On Fri, Apr 13, 2018 at 11:53 AM, Jakob Bohm via dev-security-policy <
dev-security-policy@lists.mozilla.org> wrote:

> On 13/04/2018 05:56, Ryan Sleevi wrote:
>> On Thu, Apr 12, 2018 at 11:40 PM, Matthew Hardeman via
>> dev-security-policy <
>> dev-security-policy@lists.mozilla.org> wrote:
>> Wow.  I’m impressed.
>>> Let’s Encrypt by their own declaration and by observed interactions in
>>> their community help forums maintains a high value blacklist of domains.
>> This is misrepresenting what is stated.
>> It’s difficult to imagine how that list doesn’t include PayPal but did
>>> include mail.ru.
>>> Can you repeat that test with, say, microsoft.cologne?
>>> Just testing a theory...
>> I think there's sufficient discussion in the past on such theories that it
>> would seriously detrimental to try to rehash or relitigate - e.g.
>> https://groups.google.com/d/msg/mozilla.dev.security.policy/
>> vMrncPi3tx8/ZOqtG2DBBgAJ
> That link does not discuss or answer what practices any real CA uses in
> complying with the high-risk list BR.  The thread that followed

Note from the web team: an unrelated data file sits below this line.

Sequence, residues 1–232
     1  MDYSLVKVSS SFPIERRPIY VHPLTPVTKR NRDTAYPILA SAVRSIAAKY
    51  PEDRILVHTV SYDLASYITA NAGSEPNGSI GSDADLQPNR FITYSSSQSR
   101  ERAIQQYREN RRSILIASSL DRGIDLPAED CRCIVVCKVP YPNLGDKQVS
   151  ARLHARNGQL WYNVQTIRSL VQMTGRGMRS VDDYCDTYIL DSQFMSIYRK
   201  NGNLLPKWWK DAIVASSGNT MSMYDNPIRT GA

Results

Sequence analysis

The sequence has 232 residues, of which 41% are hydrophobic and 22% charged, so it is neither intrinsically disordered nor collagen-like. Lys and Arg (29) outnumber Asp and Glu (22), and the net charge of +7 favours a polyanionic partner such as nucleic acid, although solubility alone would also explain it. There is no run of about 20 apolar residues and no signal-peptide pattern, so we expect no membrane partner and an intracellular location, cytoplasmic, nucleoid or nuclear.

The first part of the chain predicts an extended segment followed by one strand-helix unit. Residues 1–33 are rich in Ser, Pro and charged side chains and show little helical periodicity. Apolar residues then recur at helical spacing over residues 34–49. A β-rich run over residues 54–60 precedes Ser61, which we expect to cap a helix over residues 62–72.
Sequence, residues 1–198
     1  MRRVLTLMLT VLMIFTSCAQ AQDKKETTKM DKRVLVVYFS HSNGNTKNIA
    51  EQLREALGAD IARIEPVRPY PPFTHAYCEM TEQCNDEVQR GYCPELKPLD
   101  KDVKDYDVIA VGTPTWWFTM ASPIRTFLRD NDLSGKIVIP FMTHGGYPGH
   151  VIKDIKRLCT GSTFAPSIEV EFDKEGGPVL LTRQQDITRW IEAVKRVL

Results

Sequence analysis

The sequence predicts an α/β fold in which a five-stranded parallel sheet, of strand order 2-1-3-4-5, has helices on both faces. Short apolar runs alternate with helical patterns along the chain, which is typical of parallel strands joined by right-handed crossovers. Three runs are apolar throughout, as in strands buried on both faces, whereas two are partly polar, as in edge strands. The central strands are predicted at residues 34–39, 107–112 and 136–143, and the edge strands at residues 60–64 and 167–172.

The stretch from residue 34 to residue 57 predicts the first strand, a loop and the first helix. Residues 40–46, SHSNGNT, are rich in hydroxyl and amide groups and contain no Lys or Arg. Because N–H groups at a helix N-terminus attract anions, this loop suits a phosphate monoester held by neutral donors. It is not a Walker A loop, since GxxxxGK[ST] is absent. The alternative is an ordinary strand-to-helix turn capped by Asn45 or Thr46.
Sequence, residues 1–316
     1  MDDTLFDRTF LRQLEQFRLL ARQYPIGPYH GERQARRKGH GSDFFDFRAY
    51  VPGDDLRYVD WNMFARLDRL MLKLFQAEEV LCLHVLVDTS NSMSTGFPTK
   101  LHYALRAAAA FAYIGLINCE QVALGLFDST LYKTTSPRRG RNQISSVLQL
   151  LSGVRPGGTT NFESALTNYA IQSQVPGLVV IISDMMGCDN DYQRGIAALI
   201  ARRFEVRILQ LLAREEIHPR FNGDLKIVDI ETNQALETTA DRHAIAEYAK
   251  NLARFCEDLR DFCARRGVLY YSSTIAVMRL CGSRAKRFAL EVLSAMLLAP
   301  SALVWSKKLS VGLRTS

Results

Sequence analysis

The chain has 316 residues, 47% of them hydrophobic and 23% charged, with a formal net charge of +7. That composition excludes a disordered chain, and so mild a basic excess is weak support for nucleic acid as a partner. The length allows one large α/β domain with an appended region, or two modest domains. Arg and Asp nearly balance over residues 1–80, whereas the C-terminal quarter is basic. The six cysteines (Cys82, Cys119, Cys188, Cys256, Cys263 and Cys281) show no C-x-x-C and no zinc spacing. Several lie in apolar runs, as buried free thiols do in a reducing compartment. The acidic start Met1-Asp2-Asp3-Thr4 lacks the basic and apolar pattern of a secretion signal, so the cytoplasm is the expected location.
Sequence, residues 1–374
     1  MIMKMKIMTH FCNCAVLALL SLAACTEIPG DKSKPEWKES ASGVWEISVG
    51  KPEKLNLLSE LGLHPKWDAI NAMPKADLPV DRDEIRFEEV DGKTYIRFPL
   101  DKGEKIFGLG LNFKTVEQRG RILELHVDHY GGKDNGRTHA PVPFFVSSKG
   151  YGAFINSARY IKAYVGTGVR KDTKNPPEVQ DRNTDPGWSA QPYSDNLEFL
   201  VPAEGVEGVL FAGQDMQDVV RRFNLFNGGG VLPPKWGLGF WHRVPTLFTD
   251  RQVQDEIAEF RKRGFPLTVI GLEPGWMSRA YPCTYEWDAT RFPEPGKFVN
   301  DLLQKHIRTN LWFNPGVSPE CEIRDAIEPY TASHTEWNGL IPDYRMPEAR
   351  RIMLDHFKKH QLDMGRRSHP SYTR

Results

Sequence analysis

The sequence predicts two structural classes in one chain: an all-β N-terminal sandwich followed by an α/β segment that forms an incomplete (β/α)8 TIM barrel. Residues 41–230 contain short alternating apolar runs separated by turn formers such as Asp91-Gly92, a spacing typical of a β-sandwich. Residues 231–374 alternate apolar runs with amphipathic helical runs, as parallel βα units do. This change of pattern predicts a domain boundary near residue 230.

> contained lots of policy discussion, but almost nothing about what any
> real world CA does about the question posed above (are global high risk
> names flagged as high risk when used as 2nd level domains or public
> suffix+1 level domains).

While I am thrilled that you viewed all of the links, you will find that
the past discussion of what constitutes a "High Risk Domain" is not at all
aligned with the notion you or Matthew is advocating. I can understand your
desire to understand what "real CAs" do, but that's not at all aligned with
what is required, which is the conversation that matters - as are the
reasons for revocation. The simple answer is "It doesn't matter, because
they're not required to, so stop trying to make it seem like they are" -
and the threads all demonstrate the various flaws with the argument being
made/advocated :)

While I hope it is well-intentioned questioning, the answer is irrelevant
to any of the discussions.
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